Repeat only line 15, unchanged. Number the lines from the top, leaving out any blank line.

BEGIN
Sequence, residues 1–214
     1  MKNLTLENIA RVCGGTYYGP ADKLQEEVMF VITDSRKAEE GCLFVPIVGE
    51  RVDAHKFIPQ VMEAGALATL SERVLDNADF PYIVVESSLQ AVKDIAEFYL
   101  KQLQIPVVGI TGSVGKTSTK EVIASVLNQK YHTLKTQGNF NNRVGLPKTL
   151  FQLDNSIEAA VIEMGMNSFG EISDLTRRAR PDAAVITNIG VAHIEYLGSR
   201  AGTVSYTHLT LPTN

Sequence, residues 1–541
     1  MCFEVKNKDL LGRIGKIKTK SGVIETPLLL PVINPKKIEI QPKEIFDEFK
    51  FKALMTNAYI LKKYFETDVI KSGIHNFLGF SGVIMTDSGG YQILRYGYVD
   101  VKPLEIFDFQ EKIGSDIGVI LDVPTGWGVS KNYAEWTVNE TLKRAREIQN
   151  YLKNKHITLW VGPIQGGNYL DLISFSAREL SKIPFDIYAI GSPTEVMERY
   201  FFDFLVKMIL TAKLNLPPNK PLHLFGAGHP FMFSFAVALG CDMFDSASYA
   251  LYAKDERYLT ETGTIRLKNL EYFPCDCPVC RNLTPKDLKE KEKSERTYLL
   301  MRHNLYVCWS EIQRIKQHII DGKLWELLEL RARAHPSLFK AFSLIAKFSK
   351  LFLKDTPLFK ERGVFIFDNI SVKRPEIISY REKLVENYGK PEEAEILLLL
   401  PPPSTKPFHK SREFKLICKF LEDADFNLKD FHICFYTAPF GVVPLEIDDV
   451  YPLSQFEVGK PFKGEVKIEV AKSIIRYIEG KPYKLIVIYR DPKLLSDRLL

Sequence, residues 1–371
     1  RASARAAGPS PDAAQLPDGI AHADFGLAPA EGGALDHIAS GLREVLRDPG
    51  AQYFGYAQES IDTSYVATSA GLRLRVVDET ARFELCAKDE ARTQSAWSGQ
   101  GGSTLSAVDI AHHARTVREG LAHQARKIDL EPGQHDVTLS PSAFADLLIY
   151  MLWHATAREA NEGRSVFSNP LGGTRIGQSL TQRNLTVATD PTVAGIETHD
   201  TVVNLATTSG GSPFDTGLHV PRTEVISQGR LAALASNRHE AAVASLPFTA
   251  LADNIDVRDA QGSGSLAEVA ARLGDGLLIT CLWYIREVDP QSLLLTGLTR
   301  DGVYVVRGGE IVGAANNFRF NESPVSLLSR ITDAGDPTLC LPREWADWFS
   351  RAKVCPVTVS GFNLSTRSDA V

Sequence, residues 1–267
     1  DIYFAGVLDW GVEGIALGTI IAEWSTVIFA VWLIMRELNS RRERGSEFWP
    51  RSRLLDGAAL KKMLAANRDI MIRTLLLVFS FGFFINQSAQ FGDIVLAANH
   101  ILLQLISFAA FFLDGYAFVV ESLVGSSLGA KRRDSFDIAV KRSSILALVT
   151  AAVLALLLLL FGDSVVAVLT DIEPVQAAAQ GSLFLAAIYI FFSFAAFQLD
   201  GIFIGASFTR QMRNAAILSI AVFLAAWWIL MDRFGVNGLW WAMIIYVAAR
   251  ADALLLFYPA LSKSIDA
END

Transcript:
   351  LFLKDTPLFK ERGVFIFDNI SVKRPEIISY REKLVENYGK PEEAEILLLL